(iii) Cash-Reserve Ratio (Raise CRR) (02011, 12C):

It is the ratio (or fraction) of bank deposits that a commercial bank is required to keep with the central bank. Remember that every commercial bank is required under law to keep with the central bank a minimum proportion (say, 8 per cent) of its deposits as reserve in the form of cash. This is called Cash Reserve Ratio.


The bank is free to lend the remaining deposits. When there is an inflationary situation, the central bank raises the rate of minimum cash-reserve ratio thereby making the banks to keep more cash reserve with RBI which in turn curtails the lending capacity of commercial banks. RBI fixes rate of CRR according to market conditions. At present (Feb., 2013) CRR is 4.0%.

Statutory Liquidity Ratio (Raise SLR) (All; D12):

In addition to CRR, there is another measure called SLR according to which every bank is required to hold a certain minimum proportion of its total demand and time deposits in liquid form like liquid assets such as government securities. When RBI wants to contract credit or lending by banks, it increases SLR and thereby reduces credit availability. (On the contrary, when it wants to expand availability of credit, it lowers SLR.)

Legal Reserve Ratio [LRR) (A2011; D12):

LRR is a certain fraction of deposits which is legally compulsory for the commercial banks to keep as cash or in liquid form. There are two parts of this ratio—CRR and SLR as already explained above. When there is inflationary gap, RBI raises minimum limit of LRR so that lesser funds are available to banks for lending.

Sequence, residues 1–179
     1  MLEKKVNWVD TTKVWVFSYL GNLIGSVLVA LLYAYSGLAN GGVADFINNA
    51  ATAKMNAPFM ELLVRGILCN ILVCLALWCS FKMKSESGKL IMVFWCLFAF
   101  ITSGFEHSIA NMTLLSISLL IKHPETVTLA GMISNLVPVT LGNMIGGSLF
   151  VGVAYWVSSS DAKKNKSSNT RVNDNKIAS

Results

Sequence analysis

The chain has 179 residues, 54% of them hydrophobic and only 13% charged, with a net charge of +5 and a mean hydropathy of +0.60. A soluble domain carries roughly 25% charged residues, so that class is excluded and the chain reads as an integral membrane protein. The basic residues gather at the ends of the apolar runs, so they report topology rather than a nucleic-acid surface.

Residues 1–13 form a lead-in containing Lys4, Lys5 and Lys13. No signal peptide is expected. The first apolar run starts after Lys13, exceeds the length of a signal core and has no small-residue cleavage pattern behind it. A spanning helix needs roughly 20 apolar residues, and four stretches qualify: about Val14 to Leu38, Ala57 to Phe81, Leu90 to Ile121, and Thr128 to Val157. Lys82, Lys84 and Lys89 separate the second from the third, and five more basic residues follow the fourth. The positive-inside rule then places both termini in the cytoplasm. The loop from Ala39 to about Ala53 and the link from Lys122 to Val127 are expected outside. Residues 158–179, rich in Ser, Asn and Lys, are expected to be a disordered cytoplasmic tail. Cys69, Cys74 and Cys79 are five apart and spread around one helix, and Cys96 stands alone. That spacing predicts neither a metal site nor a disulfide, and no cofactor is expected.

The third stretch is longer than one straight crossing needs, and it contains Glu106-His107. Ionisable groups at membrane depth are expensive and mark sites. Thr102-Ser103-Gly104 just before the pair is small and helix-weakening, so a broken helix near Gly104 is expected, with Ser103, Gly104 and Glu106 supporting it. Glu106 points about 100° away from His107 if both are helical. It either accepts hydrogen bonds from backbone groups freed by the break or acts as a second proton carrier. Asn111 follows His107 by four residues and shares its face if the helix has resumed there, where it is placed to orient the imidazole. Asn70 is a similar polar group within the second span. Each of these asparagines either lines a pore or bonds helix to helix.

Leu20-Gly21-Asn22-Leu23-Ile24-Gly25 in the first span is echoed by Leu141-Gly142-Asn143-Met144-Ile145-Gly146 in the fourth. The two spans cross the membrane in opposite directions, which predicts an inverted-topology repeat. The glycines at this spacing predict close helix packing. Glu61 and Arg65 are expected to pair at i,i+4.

Legal Reserve Ratio


(b) Qualitative Measures:

(i) Moral Suasion (Restrict credit):

This refers to written or oral advice given by the central bank to commercial banks to restrict or expand credit.

During inflation, the central bank of a country employs selective credit control measures like moral suasion. For instance, it persuades its member banks not to advance credit for speculation or prohibit banks from entering into certain transactions. This advice is generally followed by member banks.

(ii) Margin Requirements (Increase it):

Margin requirement refers to the amount of security that banks demand from borrower of loan.


It is the difference between the amount of loan granted and the current value of security offered for taking loan. In a situation of excess demand, the central bank raises the limit of margin requirements. This discourages borrowing because it makes traders get less credit against their securities. On the other hand, in case of deficient demand, margin requirements are lowered to encourage borrowing.

Other measures of monetary policy are credit rationing, control of consumer credit, wage freeze and direct action.

3. Miscellaneous:

Other anti-inflationary measures can be: import promotion, wage freeze, control and blocking of liquid assets, compulsory savings scheme for households, increase in production by utilising idle capacities, etc.